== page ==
Back from Market – Messages from Gaza Now – December 2023

Back from market

My sister in Deir Al Balah called me last night begging for some blankets. She has only one for her and her mother-in-law. She sleeps in a classroom of one of the schools nearby the sea, her three sons sleeping in a plastic tent in the front yard of the school also have only one blanket between the three of them. I don’t have much either. Luckily I bought 2 good, heavy blankets two months ago in preparation for the cold days of winter. Abeer told me that there are 3 extra blankets her family do not use and can give out. Old, not heavy, but we can give them out.

In the morning we went out. Abeer to Al Awda Hospital and I to Al Aqsa Hospital in Deir Al Balah. I messaged my sister to meet me there so I can also see my brother and his family who took refuge in the empty hospital courtyard like thousands of other people.

I arrived there around 9.20, walking halfway, a ride on a donkey cart for 1km and finally a taxi for the rest of the distance.

The tent of my brother and his family is 2m square. No mattresses, some cheap blankets, some pieces or cardboard below the blankets. The 2m space includes all their belongings beside the 2 sleeping spaces. They are 5 people. The sleeping space is divided between them by time. 2 people sleep at a time and then they change over. No mattress, a blanket on the floor and a  blanket on their bodies. This is all that they have. Helplessness is a deathly feeling. My sister had not yet arrived. I could not stay. I told them to take one of the three blankets and to give two to my sister and left. Left fast, feeling ashamed that I do have a good blanket, that I have a roof over my head, I have a mattress below my body. No place for more people at my parents-in-law’s house, they host me, my mother, my wife, my wife’s sister and her husband and children, two of her female cousins and their children, and, of course, her family; her parents and her sisters.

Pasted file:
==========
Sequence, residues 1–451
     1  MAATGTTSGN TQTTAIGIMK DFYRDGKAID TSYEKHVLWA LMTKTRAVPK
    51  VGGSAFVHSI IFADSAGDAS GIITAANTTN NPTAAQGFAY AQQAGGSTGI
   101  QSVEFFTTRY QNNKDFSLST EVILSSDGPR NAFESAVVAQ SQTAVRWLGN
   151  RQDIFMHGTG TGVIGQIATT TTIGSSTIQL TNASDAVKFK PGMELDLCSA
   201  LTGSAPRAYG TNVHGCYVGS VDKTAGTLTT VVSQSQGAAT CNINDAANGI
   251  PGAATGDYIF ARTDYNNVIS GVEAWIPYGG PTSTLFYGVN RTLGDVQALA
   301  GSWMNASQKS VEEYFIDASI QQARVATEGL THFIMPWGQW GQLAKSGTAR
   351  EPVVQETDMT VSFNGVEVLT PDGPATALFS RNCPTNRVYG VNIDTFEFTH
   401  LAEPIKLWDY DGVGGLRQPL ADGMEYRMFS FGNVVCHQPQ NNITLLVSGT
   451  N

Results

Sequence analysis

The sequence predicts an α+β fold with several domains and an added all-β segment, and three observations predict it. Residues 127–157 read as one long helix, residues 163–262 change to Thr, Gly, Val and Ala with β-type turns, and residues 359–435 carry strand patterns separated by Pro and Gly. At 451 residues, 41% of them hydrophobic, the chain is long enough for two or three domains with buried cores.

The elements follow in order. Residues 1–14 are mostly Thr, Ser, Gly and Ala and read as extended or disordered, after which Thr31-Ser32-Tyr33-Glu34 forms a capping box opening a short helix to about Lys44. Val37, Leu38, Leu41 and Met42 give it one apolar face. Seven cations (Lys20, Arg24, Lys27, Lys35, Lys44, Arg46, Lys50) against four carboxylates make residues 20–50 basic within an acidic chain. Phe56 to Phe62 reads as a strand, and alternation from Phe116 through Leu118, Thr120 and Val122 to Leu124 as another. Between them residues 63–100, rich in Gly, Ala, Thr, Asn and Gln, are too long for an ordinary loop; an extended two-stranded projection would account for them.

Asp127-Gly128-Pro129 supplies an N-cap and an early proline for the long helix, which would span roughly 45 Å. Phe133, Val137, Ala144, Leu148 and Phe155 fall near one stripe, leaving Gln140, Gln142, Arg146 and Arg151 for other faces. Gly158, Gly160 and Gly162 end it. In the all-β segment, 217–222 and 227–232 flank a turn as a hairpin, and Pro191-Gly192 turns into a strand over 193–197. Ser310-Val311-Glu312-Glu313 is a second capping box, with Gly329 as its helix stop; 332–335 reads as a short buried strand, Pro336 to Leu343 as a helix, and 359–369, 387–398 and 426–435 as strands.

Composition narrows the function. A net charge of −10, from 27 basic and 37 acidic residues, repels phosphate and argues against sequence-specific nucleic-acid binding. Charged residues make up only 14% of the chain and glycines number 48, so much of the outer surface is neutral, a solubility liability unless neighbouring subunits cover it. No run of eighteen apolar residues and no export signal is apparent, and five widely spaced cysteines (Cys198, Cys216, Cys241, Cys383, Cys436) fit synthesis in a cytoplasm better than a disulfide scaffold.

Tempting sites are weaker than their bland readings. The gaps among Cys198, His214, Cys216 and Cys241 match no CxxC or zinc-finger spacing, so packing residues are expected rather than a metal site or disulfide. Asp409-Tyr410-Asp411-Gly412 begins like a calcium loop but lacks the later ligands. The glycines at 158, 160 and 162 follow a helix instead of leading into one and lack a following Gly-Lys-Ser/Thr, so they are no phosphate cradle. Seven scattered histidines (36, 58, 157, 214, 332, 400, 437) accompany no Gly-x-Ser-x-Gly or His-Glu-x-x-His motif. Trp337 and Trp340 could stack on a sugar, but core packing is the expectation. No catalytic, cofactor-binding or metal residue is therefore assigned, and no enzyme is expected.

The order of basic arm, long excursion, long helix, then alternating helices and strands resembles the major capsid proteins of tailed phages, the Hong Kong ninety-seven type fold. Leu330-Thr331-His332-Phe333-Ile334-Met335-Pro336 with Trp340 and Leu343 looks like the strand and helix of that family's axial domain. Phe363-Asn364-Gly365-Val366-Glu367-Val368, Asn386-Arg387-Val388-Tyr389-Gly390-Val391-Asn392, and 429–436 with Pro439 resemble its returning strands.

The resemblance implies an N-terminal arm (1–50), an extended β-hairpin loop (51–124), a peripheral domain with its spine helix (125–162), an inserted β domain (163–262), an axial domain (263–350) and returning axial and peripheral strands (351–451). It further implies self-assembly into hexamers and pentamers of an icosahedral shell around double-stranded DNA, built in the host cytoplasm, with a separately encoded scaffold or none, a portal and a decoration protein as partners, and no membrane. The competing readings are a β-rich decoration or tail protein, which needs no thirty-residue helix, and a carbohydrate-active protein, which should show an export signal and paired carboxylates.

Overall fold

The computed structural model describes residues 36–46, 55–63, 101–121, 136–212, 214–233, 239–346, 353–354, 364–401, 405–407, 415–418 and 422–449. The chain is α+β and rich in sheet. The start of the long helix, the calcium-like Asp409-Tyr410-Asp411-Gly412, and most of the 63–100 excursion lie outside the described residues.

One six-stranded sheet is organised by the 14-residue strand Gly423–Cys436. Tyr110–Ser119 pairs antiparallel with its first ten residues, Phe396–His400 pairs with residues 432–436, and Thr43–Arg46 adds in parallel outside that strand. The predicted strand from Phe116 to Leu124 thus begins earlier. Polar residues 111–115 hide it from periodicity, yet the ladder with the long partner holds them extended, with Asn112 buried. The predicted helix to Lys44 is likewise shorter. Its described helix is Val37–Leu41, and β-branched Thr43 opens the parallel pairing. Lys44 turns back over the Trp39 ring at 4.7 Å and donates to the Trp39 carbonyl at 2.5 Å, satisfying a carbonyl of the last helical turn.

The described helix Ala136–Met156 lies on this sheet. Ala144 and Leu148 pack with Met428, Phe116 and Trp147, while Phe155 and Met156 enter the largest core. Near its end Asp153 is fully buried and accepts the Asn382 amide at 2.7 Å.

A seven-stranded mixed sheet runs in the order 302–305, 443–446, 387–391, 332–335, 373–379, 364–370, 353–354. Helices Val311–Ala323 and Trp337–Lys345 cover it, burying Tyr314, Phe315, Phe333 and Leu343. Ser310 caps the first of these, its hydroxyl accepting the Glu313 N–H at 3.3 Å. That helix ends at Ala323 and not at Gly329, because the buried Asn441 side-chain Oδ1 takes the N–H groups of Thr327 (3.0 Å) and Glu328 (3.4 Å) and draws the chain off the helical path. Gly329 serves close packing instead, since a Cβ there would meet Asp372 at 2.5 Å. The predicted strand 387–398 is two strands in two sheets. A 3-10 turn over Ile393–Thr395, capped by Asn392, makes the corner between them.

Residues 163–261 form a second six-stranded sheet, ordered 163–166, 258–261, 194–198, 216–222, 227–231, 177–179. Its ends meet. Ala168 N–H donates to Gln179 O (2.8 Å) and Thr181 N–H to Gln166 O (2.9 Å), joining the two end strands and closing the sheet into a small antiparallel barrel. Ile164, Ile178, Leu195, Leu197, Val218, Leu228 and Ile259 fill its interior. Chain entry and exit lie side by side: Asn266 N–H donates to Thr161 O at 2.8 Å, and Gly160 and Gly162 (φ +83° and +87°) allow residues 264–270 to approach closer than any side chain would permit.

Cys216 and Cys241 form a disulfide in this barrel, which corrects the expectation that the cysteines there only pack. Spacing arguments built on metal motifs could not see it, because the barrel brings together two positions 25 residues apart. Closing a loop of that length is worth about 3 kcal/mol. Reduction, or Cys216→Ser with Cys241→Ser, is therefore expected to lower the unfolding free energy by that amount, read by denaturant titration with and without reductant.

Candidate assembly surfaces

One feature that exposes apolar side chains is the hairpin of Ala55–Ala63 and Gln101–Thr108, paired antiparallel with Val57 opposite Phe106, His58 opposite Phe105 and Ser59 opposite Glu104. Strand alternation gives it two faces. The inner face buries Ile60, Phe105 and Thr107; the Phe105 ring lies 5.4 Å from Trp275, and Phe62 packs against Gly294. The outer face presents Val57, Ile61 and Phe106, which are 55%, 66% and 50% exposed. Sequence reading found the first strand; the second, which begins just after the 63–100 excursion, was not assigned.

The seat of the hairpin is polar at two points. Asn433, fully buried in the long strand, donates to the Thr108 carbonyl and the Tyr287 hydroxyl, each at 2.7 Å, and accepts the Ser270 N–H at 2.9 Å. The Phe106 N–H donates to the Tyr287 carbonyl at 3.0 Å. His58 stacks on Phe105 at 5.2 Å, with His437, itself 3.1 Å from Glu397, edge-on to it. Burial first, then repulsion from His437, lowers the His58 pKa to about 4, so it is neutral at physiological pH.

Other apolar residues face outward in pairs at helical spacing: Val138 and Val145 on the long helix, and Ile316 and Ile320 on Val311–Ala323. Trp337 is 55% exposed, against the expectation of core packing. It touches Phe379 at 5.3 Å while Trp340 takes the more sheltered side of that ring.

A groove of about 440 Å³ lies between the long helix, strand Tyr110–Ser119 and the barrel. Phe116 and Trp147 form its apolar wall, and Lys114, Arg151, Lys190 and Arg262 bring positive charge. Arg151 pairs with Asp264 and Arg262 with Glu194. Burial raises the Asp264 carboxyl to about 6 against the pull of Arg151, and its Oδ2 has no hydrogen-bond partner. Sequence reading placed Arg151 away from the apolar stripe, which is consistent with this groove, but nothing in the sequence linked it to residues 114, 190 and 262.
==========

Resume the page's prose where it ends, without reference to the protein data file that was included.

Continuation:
No internet in Nuseriat for three days, difficult mobile communications, almost zero. There was not much to do at Al Awda Hospital, it was a short day of work.

We passed by the market, me and my wife, Abeer. We purchased some vegetables and some medicine for flu. It was a rainy day. It did not stop. Light rain and heavy rain. We could only find a ride with a donkey cart which has no roof, of course. The donkey’s speed is no faster than a man’s speed, pulling this heavy weight of passengers with their groceries, the distance of 2.5km from the market to home takes at least half an hour. After ten minutes of slow walking, it started raining, light at first, then heavy rain, very heavy, the raindrops hurt. Nothing we could do. We kept sitting on the cart, not talking, not a word, until we arrived, wet, completely wet to the bone. We went in, took off our clothes, dried our bodies and put on new, warm, clean clothes. We emptied our laptop bags. There was water in them. My laptop screen swallowed some water, I’m so worried that it will be corrupted. I hope not. 

I went to my mattress, pulled the heavy, soft blanket over my body and thought about my brother’s family, my sister’s family and the thousands of families who are there, outside, in plastic tents that don’t prevent water coming in, don’t prevent wind, don’t prevent cold. There are thousands of families who don’t even have such a tent in Deir Al Balah, in Khan Younis, in Rafah, in Gaza City, in Jabaliya, in Beit Lahia, in Zaytoun, in Shujaiya, in Mawasi. I don’t feel guilty but I feel very bad, very helpless, very weak. I feel I am nothing.